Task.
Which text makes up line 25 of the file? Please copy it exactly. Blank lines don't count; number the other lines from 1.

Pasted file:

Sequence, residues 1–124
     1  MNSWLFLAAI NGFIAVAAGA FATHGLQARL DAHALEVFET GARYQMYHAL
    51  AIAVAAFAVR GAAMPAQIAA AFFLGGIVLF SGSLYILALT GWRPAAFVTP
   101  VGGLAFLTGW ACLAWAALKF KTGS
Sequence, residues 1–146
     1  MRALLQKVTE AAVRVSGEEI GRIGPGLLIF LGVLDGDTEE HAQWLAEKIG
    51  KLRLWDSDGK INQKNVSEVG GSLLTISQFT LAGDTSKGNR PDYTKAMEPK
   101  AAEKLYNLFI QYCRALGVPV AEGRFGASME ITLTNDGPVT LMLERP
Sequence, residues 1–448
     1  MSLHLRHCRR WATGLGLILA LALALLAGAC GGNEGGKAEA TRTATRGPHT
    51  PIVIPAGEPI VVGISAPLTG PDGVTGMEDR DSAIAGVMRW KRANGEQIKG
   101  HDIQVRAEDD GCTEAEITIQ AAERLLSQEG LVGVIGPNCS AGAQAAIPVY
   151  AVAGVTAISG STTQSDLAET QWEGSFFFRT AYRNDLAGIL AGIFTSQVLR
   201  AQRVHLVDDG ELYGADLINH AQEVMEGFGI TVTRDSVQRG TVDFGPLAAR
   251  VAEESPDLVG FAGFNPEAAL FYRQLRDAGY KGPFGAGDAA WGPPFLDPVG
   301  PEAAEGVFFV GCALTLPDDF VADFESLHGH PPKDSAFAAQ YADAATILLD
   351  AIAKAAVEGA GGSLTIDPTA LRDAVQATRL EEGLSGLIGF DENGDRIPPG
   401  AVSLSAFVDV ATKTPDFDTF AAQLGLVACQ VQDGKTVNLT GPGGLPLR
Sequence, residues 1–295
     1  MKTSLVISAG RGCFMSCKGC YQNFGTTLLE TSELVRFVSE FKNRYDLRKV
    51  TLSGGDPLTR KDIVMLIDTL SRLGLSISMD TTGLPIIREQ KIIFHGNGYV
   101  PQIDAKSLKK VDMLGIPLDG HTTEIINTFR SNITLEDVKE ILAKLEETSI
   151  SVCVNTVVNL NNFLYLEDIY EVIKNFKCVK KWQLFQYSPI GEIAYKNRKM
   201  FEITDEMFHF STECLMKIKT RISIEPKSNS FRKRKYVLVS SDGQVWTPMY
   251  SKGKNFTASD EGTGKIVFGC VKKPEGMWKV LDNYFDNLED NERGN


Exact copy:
   251  SKGKNFTASD EGTGKIVFGC VKKPEGMWKV LDNYFDNLED NERGN